New Study Suggests That A High Fat/Low Carb Diet May Help To Prevent Cognitive Ability Decline

Preventing cognitive decline is something that is very important to an aging population. In a current News 18 article, it is reported that a ketogenic diet can help to prevent a decline in peoples’ cognitive abilities. A ketogenic diet consists of foods that contain few carbohydrates and are rich in fats.

A scientific team from the University of Kentucky recently took part in a study that looked at how the stomachs and brains of humans are more correlated than was previously known. A total of 18 Laboratory mice were used in the study, with half of the mice receiving a regular diet and the other half receiving a ketogenic diet.

A spokesperson from the University of Kentucky said that new scientific findings suggest that brain activity may be working in tandem with existing stomach bacteria. With their recent study, the scientific team was trying to determine if a ketogenic diet can produce healthy brain activity, while reducing the incidence of cognitive degeneration.

After approximately four months of study, the team found that the mice that ate the ketogenic foods showed some positive and beneficial results. These mice had lower body weight, lower glucose levels and increased flow of blood to the brain. According to one of the team members, blood flow to the brain and healthy blood-brain barrier function can greatly affect a person’s cognitive abilities.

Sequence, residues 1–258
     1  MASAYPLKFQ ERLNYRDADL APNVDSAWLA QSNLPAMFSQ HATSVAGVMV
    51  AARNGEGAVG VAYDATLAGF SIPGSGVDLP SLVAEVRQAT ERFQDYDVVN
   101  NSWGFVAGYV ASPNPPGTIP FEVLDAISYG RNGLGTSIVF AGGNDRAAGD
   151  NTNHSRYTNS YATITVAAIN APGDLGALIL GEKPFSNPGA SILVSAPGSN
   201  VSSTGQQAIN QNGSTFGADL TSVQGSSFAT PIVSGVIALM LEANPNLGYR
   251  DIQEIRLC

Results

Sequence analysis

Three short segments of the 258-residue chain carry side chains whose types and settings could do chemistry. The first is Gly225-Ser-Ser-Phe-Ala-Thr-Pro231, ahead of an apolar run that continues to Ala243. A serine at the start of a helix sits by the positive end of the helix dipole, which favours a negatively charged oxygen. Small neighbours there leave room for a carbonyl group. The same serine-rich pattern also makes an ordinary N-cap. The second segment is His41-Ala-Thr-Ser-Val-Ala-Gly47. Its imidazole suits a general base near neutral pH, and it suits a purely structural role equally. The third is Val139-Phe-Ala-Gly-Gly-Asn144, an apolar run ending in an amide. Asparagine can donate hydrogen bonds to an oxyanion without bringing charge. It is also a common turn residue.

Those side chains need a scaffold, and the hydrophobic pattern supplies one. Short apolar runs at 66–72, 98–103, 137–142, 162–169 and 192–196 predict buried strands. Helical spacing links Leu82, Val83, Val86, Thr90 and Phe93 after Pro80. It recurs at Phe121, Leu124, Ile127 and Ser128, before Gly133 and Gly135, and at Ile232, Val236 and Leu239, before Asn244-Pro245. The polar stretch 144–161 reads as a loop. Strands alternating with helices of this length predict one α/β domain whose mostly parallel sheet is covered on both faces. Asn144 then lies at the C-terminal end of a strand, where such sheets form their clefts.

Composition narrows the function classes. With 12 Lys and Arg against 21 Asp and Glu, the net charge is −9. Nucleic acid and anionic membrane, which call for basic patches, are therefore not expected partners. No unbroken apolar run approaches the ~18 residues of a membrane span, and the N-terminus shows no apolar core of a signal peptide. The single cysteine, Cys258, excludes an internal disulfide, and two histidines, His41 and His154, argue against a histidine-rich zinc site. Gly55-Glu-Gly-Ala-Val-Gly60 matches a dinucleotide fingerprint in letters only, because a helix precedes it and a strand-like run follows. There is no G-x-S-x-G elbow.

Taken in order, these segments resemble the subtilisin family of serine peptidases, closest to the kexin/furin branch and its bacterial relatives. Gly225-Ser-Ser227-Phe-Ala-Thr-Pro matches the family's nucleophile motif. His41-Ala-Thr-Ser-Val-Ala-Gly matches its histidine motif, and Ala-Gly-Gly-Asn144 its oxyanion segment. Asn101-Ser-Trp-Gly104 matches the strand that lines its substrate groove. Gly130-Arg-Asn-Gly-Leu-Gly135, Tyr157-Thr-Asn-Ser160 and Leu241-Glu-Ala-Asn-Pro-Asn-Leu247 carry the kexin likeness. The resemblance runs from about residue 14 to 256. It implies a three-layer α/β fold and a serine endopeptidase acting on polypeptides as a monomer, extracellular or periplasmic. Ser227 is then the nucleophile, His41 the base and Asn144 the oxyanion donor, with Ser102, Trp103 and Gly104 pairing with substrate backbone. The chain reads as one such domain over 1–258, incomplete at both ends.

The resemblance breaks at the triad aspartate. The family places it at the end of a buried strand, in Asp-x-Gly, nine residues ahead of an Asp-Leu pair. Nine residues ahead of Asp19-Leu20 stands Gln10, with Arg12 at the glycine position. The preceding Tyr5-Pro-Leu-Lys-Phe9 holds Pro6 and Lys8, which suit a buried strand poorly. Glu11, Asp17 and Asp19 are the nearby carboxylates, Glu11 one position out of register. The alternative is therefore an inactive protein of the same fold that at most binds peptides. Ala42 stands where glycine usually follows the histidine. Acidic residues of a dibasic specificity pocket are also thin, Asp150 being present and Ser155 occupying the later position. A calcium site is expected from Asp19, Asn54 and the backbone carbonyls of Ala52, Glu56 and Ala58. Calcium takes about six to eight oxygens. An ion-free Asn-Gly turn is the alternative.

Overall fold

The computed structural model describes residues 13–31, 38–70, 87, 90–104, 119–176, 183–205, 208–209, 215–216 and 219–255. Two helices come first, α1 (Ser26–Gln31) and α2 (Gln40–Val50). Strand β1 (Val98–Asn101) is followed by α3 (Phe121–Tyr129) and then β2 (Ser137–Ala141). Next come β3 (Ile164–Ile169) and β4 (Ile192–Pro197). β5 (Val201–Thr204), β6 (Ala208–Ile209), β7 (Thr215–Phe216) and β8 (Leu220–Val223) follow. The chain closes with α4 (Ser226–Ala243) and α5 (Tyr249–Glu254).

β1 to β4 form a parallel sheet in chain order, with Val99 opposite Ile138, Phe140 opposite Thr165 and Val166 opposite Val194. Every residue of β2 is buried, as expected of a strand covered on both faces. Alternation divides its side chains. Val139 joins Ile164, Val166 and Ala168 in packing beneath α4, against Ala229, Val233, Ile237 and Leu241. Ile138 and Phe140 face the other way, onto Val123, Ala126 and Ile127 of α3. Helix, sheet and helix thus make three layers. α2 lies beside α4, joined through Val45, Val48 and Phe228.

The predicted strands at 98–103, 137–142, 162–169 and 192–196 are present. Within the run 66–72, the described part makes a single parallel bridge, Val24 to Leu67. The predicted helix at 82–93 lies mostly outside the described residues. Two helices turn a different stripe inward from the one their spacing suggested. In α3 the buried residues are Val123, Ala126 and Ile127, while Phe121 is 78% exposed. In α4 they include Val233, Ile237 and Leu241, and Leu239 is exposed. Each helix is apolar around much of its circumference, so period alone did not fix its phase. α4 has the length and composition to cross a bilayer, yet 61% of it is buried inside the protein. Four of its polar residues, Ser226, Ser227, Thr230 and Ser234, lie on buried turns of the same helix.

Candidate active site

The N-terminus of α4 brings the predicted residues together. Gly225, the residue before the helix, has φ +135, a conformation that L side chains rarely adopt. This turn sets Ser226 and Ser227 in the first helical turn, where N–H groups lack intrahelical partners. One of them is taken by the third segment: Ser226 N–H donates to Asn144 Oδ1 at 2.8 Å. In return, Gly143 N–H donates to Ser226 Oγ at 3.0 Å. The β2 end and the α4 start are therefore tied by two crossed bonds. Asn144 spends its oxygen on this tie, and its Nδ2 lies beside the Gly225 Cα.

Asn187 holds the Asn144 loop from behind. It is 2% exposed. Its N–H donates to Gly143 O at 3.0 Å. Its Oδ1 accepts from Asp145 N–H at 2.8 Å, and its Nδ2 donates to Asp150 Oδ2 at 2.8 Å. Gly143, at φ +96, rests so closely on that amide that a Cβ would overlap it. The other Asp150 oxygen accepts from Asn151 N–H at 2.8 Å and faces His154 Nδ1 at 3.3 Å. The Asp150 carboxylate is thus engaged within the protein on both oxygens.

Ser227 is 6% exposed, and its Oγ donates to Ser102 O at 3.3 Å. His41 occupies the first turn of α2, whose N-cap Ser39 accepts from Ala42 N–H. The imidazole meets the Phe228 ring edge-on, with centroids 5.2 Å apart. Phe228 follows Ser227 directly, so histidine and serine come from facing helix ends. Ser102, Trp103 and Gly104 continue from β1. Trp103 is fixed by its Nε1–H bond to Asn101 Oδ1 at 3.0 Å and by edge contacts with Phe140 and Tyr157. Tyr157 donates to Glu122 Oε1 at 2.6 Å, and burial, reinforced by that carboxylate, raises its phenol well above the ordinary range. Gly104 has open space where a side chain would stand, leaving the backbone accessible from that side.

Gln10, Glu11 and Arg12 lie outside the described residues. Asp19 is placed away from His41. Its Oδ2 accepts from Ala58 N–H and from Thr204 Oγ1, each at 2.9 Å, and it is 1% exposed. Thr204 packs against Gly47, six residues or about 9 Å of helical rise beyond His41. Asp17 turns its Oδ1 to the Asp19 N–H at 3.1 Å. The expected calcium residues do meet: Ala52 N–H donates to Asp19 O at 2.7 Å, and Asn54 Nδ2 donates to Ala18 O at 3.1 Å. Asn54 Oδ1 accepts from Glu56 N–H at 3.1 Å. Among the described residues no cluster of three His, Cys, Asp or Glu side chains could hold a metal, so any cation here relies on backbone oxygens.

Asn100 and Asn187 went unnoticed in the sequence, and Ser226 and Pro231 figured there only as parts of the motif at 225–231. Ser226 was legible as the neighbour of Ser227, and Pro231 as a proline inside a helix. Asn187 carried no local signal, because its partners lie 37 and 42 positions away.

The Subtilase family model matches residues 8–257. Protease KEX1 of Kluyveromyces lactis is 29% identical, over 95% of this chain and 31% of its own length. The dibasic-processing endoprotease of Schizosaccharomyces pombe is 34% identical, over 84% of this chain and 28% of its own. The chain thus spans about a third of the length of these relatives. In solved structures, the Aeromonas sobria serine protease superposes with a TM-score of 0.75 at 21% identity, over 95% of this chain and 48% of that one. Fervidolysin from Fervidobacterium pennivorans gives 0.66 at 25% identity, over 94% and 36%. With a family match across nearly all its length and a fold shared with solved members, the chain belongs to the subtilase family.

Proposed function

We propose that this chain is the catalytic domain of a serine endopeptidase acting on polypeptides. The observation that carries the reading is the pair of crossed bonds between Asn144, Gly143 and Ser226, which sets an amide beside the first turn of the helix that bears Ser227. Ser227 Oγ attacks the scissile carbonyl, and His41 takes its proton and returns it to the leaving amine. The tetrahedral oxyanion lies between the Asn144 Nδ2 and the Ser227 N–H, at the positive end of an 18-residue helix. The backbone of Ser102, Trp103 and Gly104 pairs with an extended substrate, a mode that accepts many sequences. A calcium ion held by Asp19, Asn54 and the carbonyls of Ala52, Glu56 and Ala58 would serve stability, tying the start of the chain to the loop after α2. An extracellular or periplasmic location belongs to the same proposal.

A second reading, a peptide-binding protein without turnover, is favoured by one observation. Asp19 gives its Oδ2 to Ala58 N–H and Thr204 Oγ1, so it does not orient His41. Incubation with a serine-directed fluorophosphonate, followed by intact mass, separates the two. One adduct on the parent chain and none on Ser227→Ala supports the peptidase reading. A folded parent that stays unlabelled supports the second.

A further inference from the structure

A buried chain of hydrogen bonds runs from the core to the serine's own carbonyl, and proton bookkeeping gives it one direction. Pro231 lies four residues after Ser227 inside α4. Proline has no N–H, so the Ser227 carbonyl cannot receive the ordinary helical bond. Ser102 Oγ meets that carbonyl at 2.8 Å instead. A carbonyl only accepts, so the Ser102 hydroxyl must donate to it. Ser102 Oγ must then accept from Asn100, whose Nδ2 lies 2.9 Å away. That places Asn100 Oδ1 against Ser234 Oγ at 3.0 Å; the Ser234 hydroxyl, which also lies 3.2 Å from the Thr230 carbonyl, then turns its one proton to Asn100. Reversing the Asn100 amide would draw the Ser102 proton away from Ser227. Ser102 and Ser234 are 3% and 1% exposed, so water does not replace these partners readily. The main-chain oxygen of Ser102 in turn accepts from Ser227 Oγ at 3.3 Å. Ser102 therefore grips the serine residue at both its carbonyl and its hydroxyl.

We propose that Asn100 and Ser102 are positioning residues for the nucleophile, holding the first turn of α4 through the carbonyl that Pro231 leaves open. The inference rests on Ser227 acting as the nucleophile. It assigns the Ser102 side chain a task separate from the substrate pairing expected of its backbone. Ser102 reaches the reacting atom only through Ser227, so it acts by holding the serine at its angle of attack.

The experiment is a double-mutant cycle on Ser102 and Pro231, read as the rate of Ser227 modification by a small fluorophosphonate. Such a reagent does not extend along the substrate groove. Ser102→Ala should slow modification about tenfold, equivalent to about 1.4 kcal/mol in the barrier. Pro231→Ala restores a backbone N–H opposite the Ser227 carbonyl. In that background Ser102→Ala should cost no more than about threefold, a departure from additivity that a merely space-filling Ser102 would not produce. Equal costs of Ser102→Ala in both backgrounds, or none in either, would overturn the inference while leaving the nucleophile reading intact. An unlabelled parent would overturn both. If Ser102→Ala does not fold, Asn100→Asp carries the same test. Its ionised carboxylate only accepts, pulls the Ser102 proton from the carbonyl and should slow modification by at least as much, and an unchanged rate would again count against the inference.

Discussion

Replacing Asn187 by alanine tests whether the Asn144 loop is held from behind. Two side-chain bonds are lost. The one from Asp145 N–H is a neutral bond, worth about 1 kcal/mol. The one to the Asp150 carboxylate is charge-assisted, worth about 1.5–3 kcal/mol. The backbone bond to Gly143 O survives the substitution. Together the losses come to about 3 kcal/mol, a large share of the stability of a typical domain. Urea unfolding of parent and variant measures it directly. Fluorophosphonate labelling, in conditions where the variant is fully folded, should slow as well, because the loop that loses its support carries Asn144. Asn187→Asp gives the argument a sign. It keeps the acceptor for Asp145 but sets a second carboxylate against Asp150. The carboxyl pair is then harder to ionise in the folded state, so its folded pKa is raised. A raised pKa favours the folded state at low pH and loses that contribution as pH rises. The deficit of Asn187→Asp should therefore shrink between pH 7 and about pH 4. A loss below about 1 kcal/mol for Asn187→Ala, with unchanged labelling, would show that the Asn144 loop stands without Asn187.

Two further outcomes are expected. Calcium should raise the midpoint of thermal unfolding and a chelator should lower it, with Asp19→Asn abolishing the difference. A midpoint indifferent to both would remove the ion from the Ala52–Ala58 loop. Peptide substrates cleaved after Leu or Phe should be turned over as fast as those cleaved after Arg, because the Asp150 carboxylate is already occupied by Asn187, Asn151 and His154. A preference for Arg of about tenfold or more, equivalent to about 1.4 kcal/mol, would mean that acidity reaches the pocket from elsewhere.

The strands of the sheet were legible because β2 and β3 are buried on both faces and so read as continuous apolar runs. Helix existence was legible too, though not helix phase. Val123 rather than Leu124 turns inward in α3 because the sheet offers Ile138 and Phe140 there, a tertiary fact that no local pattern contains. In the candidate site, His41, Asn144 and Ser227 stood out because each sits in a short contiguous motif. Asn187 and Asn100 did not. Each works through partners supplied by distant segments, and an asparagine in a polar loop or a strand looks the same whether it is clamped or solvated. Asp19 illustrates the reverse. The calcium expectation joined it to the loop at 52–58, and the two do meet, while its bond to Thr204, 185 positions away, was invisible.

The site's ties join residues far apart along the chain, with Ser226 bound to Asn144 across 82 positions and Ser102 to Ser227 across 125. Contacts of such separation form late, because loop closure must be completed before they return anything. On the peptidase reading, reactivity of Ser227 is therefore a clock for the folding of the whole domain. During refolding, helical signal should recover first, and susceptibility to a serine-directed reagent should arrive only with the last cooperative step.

Another important finding from the study is that the mice on the ketogenic diet were better able to clear the brain of Alzheimer’s-related amyloid-beta.

The scientific team was happy with their findings, which indicate that certain diets may actually be used to lower one’s risk of developing cognitive decline. The team also learned that if either the brain or stomach are in disorder, the other organ will likewise be operating at a less-than-optimum level.

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About the Author: BJ Hetherington

BJ is the lead editor of Meical Daily Times. Fluent in French and proficient in Spanish and Arabic, he focuses on diseases and conditions. BJ is a graduate of York University In Toronto. When BJ isn't busy writing his next piece, he can often be found running the streets of the GTA.

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